3. Questions & Answers
Prospective agencies will want to know more than what you’ve sent them.
There will be questions to clarify your scope, to learn more about your brand and business, and to generally assess if there’s a decent fit. Here’s a suggestion if possible: please make yourself available to answer these questions on a call or Zoom instead of answering questions via email. It’s easier for agencies to ask any follow-up if answers aren’t clear and can give you a first impression or two on what agencies are interested in your business.
Also, here’s a guarantee: unless you provided it in your scope, you will be asked what your budget is, who your current agency is and if they’re in good standing, and why you are distributing an RFP in the first place. On behalf of agencies everywhere, please at least answer these questions as best you can.
4. Requesting Speculative Work
I look at it this way: you can’t spell “respect” without the letters “s-p-e-c”. And that’s what it’s all about.
Respect that if you’re asking for speculative work as part of your evaluation process, you’re asking an agency to take a risk of giving up time and talent in hopes of winning your business. Some agencies are more willing than others. Thus, you should be prepared to either compensate agencies for their time upfront or build enough time into your evaluation process for that proposed spec work to be developed.
You can’t judge a book by its cover.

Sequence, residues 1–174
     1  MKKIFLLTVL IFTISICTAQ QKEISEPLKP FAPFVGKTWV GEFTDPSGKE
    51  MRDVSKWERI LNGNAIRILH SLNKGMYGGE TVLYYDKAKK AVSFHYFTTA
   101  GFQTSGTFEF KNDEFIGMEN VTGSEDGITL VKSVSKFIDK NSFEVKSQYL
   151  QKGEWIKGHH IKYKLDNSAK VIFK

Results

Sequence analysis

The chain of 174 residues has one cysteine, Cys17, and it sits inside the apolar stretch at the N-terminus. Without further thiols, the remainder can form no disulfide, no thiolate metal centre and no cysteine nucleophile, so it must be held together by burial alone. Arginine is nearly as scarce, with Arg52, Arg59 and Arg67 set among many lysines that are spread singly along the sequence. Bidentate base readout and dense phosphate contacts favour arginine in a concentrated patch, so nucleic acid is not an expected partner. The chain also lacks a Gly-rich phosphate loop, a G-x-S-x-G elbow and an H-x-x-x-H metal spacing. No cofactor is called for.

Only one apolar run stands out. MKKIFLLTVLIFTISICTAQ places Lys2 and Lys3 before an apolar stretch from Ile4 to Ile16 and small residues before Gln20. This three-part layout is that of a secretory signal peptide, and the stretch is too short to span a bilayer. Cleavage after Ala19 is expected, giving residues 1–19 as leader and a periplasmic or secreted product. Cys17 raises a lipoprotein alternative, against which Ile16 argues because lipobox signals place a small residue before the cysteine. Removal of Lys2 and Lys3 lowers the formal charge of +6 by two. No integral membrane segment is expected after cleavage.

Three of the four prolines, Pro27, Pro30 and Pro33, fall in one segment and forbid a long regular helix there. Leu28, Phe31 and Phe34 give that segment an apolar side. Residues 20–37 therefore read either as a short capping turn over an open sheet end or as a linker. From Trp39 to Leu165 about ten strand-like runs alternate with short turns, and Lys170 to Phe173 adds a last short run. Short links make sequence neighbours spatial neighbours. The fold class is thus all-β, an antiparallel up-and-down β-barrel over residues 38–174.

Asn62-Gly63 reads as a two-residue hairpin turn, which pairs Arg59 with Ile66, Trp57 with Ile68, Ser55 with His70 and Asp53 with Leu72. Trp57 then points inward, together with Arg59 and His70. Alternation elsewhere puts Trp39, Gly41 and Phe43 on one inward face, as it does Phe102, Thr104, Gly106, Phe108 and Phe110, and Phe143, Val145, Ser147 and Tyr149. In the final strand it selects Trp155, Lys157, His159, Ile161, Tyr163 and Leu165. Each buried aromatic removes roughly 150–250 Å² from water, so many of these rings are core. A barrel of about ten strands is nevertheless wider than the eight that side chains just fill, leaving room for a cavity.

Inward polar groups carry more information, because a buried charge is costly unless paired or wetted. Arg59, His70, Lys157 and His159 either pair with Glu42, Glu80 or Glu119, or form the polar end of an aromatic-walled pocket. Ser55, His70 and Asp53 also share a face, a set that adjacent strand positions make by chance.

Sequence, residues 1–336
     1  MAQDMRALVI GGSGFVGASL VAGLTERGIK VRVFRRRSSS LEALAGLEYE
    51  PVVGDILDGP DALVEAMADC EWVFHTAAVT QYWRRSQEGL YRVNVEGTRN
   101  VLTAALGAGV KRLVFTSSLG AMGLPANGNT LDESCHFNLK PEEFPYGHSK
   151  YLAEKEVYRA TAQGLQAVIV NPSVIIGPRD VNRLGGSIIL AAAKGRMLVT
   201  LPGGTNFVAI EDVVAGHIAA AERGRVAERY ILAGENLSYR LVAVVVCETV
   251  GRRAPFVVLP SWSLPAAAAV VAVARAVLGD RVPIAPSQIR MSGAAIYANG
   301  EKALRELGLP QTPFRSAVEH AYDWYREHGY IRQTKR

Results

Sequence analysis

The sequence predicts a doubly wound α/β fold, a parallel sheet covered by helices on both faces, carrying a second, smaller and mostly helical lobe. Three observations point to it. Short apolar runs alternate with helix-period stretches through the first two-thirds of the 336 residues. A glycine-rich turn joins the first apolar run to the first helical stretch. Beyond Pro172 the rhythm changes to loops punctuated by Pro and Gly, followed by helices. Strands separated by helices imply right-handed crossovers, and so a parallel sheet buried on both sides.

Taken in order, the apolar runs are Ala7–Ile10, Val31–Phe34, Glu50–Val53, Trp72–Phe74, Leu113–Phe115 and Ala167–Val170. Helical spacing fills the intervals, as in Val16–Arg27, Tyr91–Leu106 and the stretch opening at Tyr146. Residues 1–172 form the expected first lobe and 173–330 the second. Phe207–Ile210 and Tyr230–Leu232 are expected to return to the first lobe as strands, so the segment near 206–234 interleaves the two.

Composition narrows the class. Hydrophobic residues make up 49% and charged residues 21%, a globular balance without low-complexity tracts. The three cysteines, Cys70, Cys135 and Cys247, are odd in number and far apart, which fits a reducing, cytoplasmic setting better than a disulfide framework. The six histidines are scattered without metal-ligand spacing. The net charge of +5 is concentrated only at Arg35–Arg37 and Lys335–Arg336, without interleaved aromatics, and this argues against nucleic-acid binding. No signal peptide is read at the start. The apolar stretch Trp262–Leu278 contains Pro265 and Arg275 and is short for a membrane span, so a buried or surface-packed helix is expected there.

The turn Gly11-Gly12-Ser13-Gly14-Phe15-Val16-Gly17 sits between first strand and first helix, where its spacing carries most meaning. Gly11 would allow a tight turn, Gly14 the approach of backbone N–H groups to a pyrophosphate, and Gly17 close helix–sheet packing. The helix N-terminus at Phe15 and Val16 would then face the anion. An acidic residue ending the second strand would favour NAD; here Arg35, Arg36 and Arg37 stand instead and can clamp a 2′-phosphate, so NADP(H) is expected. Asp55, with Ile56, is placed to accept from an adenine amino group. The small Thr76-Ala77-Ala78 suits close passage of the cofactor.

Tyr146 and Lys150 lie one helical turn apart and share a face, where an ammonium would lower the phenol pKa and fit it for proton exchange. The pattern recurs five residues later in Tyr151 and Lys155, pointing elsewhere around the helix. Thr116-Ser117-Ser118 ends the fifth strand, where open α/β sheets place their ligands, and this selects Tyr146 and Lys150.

Make certain your evaluation process includes an in-person (or at minimum, Zoom) opportunity to meet and greet. If possible, consider making visits to the actual agencies you’re evaluating. Not only will you get to see the turf where the work is done, but you’ll get a vibe and personality of the places you visit.
I’ve been involved in new business pitches where this factor was all the difference, and fortunately swung the decision in our favor. We’re all people after all, and we want to feel comfortable and excited around those we may be working with.
Good luck on your agency search! And I suppose I’d be remiss by not saying drop me a line if Love can help you. I’d enjoy the conversation 🙂
Jeremy Chase, VP Business Development
Jeremy leads Love’s business development efforts, seeking opportunities to raise Love’s profile and tell our story to potential clients. He’s a 25-year veteran of the advertising industry, having spent his career in both account management and business development roles. His professional experience with clients spans several industries: CPG, Higher Education, Technology, and state/federal government. He also has focused experience working with travel and tourism brands and has been a featured speaker at local, regional, and national industry conferences.
Born and raised in The Gem State, Jeremy’s an honors graduate of the University of Idaho. When not living his last name in the spirit of new business, he’s a proud parent of two boys, National Park passport traveler, rock ‘n roll historian, and occasional theatre artist.